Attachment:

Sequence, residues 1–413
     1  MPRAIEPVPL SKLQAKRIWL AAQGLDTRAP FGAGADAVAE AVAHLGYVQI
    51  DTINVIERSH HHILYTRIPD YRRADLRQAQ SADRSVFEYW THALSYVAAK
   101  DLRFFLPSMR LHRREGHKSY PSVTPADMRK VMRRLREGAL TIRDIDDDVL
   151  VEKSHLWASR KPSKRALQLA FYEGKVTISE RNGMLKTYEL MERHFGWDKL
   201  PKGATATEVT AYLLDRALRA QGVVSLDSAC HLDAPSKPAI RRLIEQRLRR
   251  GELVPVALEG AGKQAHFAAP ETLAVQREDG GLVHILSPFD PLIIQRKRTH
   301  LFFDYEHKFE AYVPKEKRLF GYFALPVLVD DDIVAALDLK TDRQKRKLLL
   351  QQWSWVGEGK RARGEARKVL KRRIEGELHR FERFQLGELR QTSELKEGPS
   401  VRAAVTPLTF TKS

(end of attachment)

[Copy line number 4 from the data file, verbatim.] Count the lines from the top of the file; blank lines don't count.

   101  DLRFFLPSMR LHRREGHKSY PSVTPADMRK VMRRLREGAL TIRDIDDDVL